Nate Leer: I think so, particularly Spielman’s job. Every draft seems to look good early but fizzles over time. He has neglected to draft OL early or often and has missed on the ones he has taken in the first 4 rounds. Matt Kalil was auite but needed to be better as one of the highest picks in team history. Spielman’s all or nothing approach to developing mediocre QB prospects has resulted in huge drop-offs, even from their average (Teddy Bridgewater) to well below (Christian Ponder) performances, when those QBs get hurt. Spielman has also been hit and miss on defensive players even while working with solid defensive head coaches including only hitting on Xavier Rhodes so far at CB despite taking plenty with early to mid round picks. Lastly, Spielman’s track record with WRs would look real bad without huge values in Stefon Diggs and Adam Thielen emerging. All in all, this is a make or break year for Spielman and maybe Zim.
Kras: I think Rick Spielman’s job is definitely on the line and because of that Mike Zimmer’s job may be on the line. If Spielman goes, a new GM would likely mean a new HC. Having said that, Zimmer has been battling a chronic eye problem that may also impact his ability to do his job moving forward. Beyond that, the draft picks, as Nate Leer mentioned, have not panned out. The injury to Teddy this past year makes the move up to get him look like another failed attempt at a franchise QB and that has to take its toll on ownership. If the Vikings have a winning season, I think it will be tough for them to part ways with Spielman and Co. However, if they finish with a less than 8-8 record, I think it is over.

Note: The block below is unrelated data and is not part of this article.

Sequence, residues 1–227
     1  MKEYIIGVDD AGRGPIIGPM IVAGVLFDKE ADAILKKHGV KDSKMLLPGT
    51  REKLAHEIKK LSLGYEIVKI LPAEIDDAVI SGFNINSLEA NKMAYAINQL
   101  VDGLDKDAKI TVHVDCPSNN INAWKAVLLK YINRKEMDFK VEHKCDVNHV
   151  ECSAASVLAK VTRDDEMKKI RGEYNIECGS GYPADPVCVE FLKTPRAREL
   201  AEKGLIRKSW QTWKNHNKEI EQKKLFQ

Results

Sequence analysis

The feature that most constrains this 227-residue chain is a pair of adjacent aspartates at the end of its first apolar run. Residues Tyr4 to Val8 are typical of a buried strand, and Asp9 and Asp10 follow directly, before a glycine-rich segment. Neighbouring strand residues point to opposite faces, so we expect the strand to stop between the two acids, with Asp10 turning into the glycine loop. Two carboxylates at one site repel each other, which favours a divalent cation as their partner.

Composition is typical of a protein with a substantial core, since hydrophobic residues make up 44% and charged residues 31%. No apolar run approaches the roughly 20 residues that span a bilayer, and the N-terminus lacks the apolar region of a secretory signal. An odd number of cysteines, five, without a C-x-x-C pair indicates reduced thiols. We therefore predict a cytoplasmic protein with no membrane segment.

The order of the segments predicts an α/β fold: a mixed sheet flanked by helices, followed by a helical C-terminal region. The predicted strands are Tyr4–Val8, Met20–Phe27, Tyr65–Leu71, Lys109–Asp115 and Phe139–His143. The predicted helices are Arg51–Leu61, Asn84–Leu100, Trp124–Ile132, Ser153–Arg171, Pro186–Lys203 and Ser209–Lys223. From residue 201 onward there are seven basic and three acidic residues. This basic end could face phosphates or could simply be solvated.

1. What, if anything, can the NBA due about the lack of interest in the playoffs thus far?
Nate Leer: I am not sure there is much they can do outside of collective bargaining agreement to more heavily compensate players to stay in small markets and/or with struggling franchises. There are already great financial dividends that can be paid to players that stay with their teams. Maybe the answer is a different approach – make it easier to move expensive players to and group them together. Sure, that would create teams with no “stars” but a number of markets have shown that 1 or even 2 All-stars does not create a competitive team. Maybe it’s better to let mediocre teams quickly bottom out and acquire assets while better teams are able to add big time talent to their core stars. For instance, if the Knicks could have easily trade Melo last season, he could have gone to a team like Boston or Washington or Toronto. He wouldn’t have made any of them better than Cleveland but it would have been more interesting when they played each other. Or what if there were built in advantages for a team like the Pacers to send Paul George to the Clippers at the trade deadline. Would have been fun to watch!
Kras: I would agree that there is not much that can be done to stop what is already done and until they sit down at the table to bargain again this trend could continue. Big named players staying in the smaller markets and being more spread out throughout the NBA would help. However, would that stop Lebron from being in the Finals? And, if it weren’t for the recent run by Golden State, it would be the Spurs in their place in the West on an almost annual basis. The Finals is shaping up to be a good matchup and hopefully it lives up to the hype. I don’t think there will be any changes that result in better playoff basketball. It will be up to the players on teams other than the Warriors and the Cavaliers to step up and play a better game.